OFFICIAL NAME: Republic of Guinea-Bissau
SYSTEM OF GOVERNMENT: Multiparty Republic
AREA: 36,125 Sq Km (13,948 Sq Mi)

Direct Link to Political MapDirect Link to Physical MapLOCATION & GEOGRAPHY: Guinea-Bissau is located on the coast of West Africa. It is bound by Guinea to the south and east, Senegal to the north and the Atlantic Ocean to the southwest. The territory consists of the mainland, the Bissagos archipelago which is a group of over 18 islands and various other coastal islands. The mainland terrain has a forested coastal plain typified by mangrove lined estuaries as well as a transitional savannah covered plateau which forms the Planalto de Bafata and Planalto de Gabu. The country is drained by a number of rivers that flow into the Atlantic Ocean and the principal rivers are the Cacheu or Farim, Mansoa, Geba, Corubal, Rio Grande and Cacine. Major Cities (pop. est.); Bissau 125,000, Bafata 14,000, Gabu 8,000 (1988). Land Use; forested 38%, pastures 38%, agricultural-cultivated 12%, other 12% (1993).

CLIMATE: Guinea-Bissau has a tropical climate with two seasons, a wet season from June to November with August the wettest month and a dry season from December to May with April and May the hottest months. The prevailing wind is the hot dust laden Harmattan which blows from the Sahara Desert in the west. Average annual precipitation in Bissau is 1,950 mm (77 inches) while average temperature ranges are from 24 degrees Celsius (75 degrees Fahrenheit) to 27 degrees Celsius (81 degrees Fahrenheit) all year.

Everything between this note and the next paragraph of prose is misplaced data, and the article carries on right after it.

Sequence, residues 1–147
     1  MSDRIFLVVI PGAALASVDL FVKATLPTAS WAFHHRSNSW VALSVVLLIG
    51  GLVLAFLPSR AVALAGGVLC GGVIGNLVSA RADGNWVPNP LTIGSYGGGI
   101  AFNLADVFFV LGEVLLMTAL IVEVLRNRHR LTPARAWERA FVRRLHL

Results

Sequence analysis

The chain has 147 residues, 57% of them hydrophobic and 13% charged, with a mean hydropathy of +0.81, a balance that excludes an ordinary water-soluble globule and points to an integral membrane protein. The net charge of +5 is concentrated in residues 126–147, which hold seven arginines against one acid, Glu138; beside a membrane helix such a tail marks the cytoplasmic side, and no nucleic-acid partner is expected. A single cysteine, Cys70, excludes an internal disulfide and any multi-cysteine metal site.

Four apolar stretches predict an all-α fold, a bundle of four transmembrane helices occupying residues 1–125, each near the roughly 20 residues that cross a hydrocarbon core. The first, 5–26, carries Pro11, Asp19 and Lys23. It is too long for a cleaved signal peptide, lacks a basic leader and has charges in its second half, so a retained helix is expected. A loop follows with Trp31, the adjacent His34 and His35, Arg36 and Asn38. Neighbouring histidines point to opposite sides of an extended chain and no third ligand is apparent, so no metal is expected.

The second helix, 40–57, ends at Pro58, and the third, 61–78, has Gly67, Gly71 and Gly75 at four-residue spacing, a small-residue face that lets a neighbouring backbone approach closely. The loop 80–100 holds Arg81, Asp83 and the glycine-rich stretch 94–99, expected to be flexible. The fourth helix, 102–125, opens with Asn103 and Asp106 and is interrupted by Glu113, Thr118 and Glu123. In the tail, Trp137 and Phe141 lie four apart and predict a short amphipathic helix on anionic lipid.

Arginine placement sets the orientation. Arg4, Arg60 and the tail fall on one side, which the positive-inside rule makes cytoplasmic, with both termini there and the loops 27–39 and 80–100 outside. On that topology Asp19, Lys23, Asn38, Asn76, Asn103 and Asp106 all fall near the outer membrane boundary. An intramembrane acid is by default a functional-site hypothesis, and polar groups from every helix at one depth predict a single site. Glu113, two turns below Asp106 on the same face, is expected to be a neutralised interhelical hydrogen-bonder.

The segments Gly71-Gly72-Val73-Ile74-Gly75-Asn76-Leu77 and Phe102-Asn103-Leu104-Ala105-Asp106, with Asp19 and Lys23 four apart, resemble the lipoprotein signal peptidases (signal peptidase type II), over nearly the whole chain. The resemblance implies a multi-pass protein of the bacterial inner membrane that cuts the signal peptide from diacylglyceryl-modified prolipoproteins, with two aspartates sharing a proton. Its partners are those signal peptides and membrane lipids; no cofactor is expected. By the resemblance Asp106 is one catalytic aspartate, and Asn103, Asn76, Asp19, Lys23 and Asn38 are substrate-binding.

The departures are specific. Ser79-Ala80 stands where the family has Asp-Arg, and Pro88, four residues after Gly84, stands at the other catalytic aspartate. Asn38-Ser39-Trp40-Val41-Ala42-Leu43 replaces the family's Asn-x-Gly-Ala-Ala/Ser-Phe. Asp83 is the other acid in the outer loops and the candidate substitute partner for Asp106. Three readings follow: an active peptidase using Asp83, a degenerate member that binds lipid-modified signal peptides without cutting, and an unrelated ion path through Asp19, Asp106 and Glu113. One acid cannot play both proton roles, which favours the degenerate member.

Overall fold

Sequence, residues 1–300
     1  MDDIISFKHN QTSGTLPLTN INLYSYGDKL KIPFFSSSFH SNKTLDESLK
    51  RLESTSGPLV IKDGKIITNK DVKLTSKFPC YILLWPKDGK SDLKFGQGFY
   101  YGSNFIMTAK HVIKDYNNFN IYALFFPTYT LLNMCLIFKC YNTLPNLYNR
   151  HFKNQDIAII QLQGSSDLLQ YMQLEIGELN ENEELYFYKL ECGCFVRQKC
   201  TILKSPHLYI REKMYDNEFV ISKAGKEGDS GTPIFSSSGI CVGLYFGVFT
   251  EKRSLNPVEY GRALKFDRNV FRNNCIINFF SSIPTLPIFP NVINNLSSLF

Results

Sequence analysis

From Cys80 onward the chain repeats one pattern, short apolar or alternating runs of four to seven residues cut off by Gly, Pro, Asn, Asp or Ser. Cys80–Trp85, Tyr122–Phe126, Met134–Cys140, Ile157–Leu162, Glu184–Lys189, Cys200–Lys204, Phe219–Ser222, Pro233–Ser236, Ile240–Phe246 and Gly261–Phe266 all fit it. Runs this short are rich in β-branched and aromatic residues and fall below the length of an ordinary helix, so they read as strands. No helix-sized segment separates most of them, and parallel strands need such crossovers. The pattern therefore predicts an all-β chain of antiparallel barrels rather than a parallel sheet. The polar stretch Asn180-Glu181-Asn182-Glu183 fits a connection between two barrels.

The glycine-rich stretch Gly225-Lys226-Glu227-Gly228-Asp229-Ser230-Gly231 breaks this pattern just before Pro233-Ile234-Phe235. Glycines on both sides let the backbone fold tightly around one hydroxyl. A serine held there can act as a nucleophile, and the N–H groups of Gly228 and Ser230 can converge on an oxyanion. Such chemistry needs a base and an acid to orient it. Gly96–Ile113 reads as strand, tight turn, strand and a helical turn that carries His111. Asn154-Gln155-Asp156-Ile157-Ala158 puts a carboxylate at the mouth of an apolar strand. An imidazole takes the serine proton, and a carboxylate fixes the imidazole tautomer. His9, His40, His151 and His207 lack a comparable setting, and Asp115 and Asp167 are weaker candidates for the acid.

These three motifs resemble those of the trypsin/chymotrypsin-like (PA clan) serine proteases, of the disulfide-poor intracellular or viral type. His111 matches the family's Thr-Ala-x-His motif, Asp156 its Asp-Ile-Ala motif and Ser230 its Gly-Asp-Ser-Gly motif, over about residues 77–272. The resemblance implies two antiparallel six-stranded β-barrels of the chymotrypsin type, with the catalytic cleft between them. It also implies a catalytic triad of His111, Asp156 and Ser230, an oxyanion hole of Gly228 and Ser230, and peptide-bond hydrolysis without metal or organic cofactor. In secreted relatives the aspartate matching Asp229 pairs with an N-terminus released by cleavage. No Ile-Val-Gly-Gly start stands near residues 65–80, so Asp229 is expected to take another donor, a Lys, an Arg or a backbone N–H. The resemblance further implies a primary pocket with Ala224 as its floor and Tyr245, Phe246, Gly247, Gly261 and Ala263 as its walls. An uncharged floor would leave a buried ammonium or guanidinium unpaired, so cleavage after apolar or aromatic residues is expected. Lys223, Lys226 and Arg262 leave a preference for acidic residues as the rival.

PEOPLE: The majority of the population is of Black African origin and includes the following ethnic groups, the Balante who account for 27% while the Fulani account for 23%, the Malinke for 12%, the Mandyako for 11% and the Pepel for 10%. The Mestizos, Mulattoes and Assimilados who are of mixed racial descent, constitute the most important ethnic minorities representing around 2% of the population.

DEMOGRAPHIC/VITAL STATISTICS: Density; 27 persons per sq km (71 persons per sq mi) (1991). Urban-Rural; 19.9% urban, 80.1% rural (1990). Sex Distribution; 49.2% male, 50.8% female (1990). Life Expectancy at Birth; 39.9 years male, 43.1 years female (1990). Age Breakdown; 41% under 15, 25% 15 to 29, 17% 30 to 44, 11% 45 to 59, 5% 60 to 74, 1% 75 and over (1990). Birth Rate; 42.9 per 1,000 (1990). Death Rate; 23.0 per 1,000 (1990). Increase Rate; 19.9 per 1,000 (1990). Infant Mortality Rate; 151.0 per 1,000 live births (1990).

RELIGIONS: Over 65% of the population follow local native tribal beliefs while 30% are Muslims and the remainder are Christians, predominantly Roman Catholic.

LANGUAGES: The official language is Portuguese, although a Creole Patois is the trade and national language. The indigenous people all speak dialects derived from the Niger-Congo family of languages.

EDUCATION: Aged 25 or over and having attained: N/A. Literacy; literate population aged 15 or over 211,200 or 36.5% (1990).